RelatedPosts Live stream Premier League, La Liga, Serie A on Showmax Pro this weekend Thiem claims his first Grand Slam title after thrilling fightback in US Open Naomi Osaka wins US Open women’s title Elise Mertens and Aryna Sabalenka won their first career Grand Slam title with a hard-fought 7-5 7-5 win over Ash Barty and Victoria Azarenka in the US Open doubles final on Sunday. The match ended in dramatic fashion when both Mertens and Sabalenka were drawn into the net and Barty sent a lob over both their heads. Sabalenka raced back to track it down and managed to put it back in play but Azarenka misfired with her overhead smash. Mertens fell to the court and Sabalenka looked to the sky in disbelief before they embraced. The win caps a dominant run by the pair, who completed the Sunshine Double with wins in Indian Wells and the Miami Open this year before making their first appearance in a major final together. Mertens said they fed off the energy of the lively New York crowd at Arthur Ashe Stadium. “I just think it’s the crowd. I mean they keep me going every time,” the Belgian said in an on-court interview. “I can’t believe we won a Grand Slam. It’s all so new,” she added. “We’re a good team and I hope we’re going to play doubles again in the future.” The Belarusian Sabalenka tipped her hat to her opponents for the thrilling battle. “Thank you girls, for this amazing final. It was a great fight and I enjoyed every second,” she said. The win denied Barty in her bid for back-to-back U.S. Open doubles victories after claiming her maiden Grand Slam doubles title with CoCo Vandeweghe in New York last year. “I thought the level was incredibly high,” Barty said. “It was a great two weeks. I love playing with Ashleigh,” Azarenka said. “It was a pleasure to play with her and I hope we can continue to play together in the future.” Reuters/NAN.Tags: Aryna SabalenkaAsh BartyElise MertensUS OpenVictoria Azarenka
Downton Abbey star Laura Carmichael has joined the campaign calling on world leaders to back a fund to ensure children trapped in emergencies do not miss out on education.Laura visits children in informal learning spaces at Houch El-Oumara tented settlement in Bekaa VallyLaura, who plays Lady Edith in the hit British TV drama series, was deeply moved by a trip with A World at School to Lebanon, where thousands of Syrian children are out of school.The 28-year old actress said: “I met children who have had everything taken from them because of the conflict raging in their country.“They have left their homes and schools and are separated from friends and families. I spoke to mothers who were scared for their children’s future, desperate for them to have an education to give them freedom to rebuild their lives.”Laura cradles two-month-old baby born in Houch El-OumaraThe four-year conflict in Syria has resulted in the worst refugee crisis in 20 years. There are 1.2 million Syrian refugees in Lebanon, a third of them children.Video: Laura Carmichael visits Syrian refugees in Lebanon (small)A World at School Ambassador Laura travelled to the Bekaa Valley, which is hosting thousands of Syrian refugees in tented settlements.Almost all of the children there are out of school, many for up to four years, and the consequences are dire. Out-of-school children are becoming trapped in child labour, early marriage and radicalisation.Laura said: “It was clear from everyone I spoke to that going to school would provide some hope and a chance to rebuild their lives.“Two women, Kawsar and Ghazia, welcomed me into their home and introduced me to their beautiful children, all of them out of school.“Kawsar told me her two sons who had once dreamed of being teachers and doctors were now labouring every day in order to support their family.“You could hear the sadness in her voice that her children were bearing the brunt of the war.“Ghazia, a mother of five, told me both of the eldest boys had to go out to work and provide for their family as their father was no longer alive.“This is not uncommon in these areas, as many children out of school are becoming trapped in child labour, early marriage and extremism.”There is support for children affected by the Syrian crisis. But this is not recognised as a formal education and provides no qualifications for future work.Read more hereSource:A World At School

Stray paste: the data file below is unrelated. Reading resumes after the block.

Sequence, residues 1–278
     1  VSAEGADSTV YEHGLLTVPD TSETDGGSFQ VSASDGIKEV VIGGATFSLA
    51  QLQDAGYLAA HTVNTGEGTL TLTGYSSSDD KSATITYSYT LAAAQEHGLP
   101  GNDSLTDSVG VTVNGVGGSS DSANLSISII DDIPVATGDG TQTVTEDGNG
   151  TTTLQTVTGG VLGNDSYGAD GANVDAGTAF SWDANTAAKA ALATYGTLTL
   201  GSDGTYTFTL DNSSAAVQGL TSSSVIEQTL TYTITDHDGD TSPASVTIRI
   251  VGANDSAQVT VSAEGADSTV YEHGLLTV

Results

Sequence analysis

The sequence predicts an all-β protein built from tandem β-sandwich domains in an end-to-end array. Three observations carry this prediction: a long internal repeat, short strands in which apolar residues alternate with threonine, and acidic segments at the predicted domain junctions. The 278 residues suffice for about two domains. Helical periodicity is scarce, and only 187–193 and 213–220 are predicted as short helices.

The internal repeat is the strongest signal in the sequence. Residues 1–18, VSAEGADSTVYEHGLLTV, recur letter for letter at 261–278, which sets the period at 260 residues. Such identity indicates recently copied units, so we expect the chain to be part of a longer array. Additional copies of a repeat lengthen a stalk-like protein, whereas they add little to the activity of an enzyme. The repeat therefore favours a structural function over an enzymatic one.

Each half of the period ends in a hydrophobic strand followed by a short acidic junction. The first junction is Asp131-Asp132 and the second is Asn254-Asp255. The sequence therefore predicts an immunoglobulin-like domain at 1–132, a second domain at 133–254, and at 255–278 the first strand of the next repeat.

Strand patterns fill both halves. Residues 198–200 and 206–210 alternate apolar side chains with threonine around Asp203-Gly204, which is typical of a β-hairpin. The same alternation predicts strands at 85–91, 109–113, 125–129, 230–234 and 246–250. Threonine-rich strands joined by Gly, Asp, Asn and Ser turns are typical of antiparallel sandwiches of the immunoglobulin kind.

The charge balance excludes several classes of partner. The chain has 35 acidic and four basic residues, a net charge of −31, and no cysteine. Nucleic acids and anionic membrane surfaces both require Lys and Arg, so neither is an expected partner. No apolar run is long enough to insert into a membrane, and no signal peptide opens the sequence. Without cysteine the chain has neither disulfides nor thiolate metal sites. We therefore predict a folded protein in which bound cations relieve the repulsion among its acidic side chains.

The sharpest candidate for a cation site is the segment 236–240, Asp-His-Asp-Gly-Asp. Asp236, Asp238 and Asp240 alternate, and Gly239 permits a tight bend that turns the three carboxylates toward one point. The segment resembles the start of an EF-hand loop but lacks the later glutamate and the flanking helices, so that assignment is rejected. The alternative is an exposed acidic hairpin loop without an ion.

Hot Topic, the loudest store in the mall, is tapping into its music roots with the launch of the Bring Music to Schools, Bring Music to Life campaign featuring the band Fall Out Boy for Back-To-School.Fall Out Boy for Hot Topic FoundationThe campaign highlights Hot Topic’s round-up initiative, in which customers are invited to “round-up” their in-store or online purchases to the nearest dollar. The difference is donated to the Hot Topic Foundation to support non-profit organizations – including Little Kids Rock, Notes for Notes and the Grammy Foundation – which inspire young people through music and the arts. The Hot Topic Foundation has raised approximately $1 million since the launch of the round-up program last August.“At Hot Topic, music is part of our DNA,” said Lisa Harper, Chief Executive Officer of Hot Topic, Inc. “So it’s exciting to be able to give back and support that same passion in young musicians. It’s really amazing to see what a little ‘change’ can do.”Hot Topic’s Bring Music to Schools, Bring Music to Life campaign features students from Little Kids Rock, a non-profit organization that provides free music instruction and instruments to under-served public schools across the U.S., alongside one of their favorite bands, Fall Out Boy, in an effort to inspire and foster the next generation of musicians. The campaign, which includes print, digital and social media, launches in all Hot Topic stores in the U.S., Canada and Puerto Rico at the end of this month, and in Alternative Press magazine in August. Check out behind-the-scenes footage from the shoot with Fall Out Boy here.Hot Topic will also offer various promotions during back-to-school including: • Pack It Up Backpack Offer: Purchase a backpack and get 30% off all the apparel you can stuff in it, plus 30% off the backpack, too. • $25 Jeans When You Buy 2 or More: Select denim styles are $25 each when you purchase 2 or more. • Hot Cash: Receive a coupon for $15 off a future purchase of $30 or more with each qualifying purchase.Since its founding in 2004, the Hot Topic Foundation has gifted approximately $12 million to arts and music organizations for youth. Most recently, the Hot Topic Foundation made its largest grant to date – a $500,000 contribution to Notes for Notes, a non-profit organization dedicated to giving youth a profoundly positive experience via completely free access to music instruments, instruction and recording studio environments. The funds will assist the charity with national expansion. The newest Notes for Notes studio is scheduled to open in Detroit in August 2015 and was fully funded by the Hot Topic Foundation.